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London's Architecture

December 20, 1987

Sam Hall Kaplan's impression of British architecture is misguided. It was not American influence but a European one that gave London much of its present architecture.

The National Westminster Tower (Richard Seifert, c.1980), the London Hilton (Lewis Solomon, 1961) and any number of other tower blocks, such as the eponymous London Wall (L.C.C. Architects, 1955, etc.) owe their development to the influence of the German architect Mies van der Rohe, who designed similar tower blocks as early as 1922, long before he moved to the United States.

Le Corbusier, not Schindler, is also the influence behind Max Fry's Sun House of 1935--consider Le Corbusier's innovative Maison Citrohan of 1922--and it would be fair to say that Schindler (an Austrian emigrant) was working under the influence of his European masters.

The one obvious American influence in the buildings that Mr. Kaplan describes goes ignored or unrecognized. Mr. Kaplan describes and illustrates Richard Rogers' glistening new building for Lloyd's of London, but only relates it to that architect's earlier Pompidou Center in Paris. Anyone who has seen Southern California Edison Co.'s massive buildings at the Huntington Beach Generating Station cannot fail to make the connection to the Pompidou Center and thus to Lloyd's.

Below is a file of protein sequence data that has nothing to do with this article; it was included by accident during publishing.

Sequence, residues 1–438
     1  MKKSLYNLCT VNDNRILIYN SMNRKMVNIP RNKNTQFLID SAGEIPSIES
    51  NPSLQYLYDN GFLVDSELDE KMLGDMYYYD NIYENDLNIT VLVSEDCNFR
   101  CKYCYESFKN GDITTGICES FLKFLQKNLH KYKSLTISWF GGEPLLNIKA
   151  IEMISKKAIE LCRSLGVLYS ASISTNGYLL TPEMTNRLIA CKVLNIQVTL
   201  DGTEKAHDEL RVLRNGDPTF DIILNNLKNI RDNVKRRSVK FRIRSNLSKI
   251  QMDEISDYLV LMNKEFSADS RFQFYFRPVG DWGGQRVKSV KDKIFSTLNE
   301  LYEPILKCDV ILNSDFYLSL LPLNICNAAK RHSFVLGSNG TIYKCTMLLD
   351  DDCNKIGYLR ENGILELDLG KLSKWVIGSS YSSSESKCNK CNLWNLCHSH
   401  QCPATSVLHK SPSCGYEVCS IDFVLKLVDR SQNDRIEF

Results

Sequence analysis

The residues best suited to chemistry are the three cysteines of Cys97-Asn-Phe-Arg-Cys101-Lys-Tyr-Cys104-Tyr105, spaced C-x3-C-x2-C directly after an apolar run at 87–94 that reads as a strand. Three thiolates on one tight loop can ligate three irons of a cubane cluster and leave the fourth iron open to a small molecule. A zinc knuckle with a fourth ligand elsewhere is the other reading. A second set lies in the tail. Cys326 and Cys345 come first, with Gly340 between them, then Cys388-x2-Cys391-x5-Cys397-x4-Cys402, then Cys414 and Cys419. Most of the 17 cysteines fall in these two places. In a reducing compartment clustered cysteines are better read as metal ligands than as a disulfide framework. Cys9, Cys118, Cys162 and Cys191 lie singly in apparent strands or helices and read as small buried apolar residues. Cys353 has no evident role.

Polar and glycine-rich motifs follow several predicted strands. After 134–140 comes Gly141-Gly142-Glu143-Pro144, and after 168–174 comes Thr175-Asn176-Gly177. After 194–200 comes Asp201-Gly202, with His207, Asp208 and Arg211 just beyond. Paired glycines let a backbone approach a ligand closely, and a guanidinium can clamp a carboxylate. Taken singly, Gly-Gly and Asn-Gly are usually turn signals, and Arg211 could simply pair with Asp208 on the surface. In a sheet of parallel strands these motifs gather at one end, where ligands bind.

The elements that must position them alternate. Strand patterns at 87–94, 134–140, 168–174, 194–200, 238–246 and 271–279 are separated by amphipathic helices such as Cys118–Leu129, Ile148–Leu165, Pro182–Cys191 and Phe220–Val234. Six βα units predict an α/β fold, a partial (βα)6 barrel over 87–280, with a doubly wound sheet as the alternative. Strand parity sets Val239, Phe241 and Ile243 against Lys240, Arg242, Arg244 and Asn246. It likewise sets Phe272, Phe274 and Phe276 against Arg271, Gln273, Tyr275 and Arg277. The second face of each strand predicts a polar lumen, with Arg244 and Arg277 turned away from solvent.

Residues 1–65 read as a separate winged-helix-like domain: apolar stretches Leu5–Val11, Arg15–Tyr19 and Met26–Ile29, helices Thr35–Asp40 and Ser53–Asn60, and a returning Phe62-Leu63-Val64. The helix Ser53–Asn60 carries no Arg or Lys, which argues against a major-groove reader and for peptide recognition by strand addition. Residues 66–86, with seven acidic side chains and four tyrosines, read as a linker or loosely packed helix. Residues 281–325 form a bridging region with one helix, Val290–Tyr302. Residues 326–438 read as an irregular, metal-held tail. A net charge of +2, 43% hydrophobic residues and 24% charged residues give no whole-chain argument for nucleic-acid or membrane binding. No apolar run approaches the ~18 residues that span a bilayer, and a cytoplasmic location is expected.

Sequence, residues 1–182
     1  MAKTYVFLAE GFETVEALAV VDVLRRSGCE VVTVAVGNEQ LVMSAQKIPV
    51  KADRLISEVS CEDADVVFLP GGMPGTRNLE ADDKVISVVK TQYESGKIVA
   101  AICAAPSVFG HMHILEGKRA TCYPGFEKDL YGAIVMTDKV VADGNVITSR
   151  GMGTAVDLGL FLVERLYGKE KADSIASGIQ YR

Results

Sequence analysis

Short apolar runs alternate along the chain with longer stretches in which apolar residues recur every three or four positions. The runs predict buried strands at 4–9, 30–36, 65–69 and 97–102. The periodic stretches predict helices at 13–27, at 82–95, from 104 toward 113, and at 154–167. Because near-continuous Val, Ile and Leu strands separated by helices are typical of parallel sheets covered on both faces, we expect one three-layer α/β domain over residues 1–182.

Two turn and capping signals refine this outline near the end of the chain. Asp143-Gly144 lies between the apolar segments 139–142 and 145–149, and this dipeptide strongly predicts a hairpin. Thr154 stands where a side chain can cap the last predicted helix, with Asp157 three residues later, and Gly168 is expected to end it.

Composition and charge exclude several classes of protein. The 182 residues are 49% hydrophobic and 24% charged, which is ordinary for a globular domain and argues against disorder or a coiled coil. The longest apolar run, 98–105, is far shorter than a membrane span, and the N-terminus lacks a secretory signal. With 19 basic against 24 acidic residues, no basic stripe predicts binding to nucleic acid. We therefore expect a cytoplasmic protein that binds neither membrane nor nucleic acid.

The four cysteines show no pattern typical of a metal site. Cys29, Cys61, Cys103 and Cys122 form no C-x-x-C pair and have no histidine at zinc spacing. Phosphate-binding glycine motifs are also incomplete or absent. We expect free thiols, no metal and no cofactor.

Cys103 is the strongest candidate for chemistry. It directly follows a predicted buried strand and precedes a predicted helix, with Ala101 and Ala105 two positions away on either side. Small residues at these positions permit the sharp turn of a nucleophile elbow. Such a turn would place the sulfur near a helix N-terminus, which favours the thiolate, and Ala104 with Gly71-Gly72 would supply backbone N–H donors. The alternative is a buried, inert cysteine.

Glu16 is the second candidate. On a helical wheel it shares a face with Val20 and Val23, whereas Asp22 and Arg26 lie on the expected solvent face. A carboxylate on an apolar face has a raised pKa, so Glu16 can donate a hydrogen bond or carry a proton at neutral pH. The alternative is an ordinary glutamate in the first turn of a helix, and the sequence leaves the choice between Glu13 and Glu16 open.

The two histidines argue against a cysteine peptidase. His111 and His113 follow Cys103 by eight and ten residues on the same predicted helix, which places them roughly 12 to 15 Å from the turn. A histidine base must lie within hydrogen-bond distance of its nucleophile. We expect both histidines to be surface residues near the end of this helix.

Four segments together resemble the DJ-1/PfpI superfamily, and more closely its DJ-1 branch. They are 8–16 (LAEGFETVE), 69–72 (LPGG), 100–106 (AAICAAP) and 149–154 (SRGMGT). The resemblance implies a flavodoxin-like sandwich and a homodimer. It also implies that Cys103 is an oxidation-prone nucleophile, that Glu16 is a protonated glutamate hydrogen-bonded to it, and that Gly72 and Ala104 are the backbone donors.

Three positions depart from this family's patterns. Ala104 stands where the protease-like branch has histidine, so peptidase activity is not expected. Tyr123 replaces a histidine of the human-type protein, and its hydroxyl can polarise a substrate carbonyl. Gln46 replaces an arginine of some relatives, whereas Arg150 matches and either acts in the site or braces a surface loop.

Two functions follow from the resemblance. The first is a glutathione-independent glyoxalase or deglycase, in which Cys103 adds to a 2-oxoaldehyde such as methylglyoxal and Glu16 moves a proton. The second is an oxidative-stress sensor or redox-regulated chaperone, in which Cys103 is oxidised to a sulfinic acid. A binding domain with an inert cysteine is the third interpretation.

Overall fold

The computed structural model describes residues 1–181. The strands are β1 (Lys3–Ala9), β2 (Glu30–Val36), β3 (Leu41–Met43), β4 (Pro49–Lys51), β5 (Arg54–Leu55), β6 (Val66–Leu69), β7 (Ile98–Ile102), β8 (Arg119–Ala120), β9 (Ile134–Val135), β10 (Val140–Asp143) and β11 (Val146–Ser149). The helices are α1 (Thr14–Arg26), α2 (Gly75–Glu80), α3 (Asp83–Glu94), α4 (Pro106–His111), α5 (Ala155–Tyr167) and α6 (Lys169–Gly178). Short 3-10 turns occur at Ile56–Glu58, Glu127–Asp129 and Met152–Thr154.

James Stirling's early work also comes under this sphere of influence (Engineering Building, Leicester University, 1963) but in more recent years, his work has become mannered and a little soft. This, Mr. Kaplan recognized in his discussion of the new Clore Gallery at the Tate Museum.

Now this, again, might be the influence of American Post-Modernism, for whose popularity we must thank a London- and Los Angeles-based American, Charles Jencks.

It is the apparent lack of critical edge in some of his writings which has landed London with what must be one of its most insipid buildings for years, American architect Robert Venturi's National Gallery addition on Trafalgar Square. We can only regret that another American influence was not brought to bear and that Richard Roger's plans for this same addition were not adopted. The architectural profession would have had it that way.


Department of Architecture

Cal Poly Pomona

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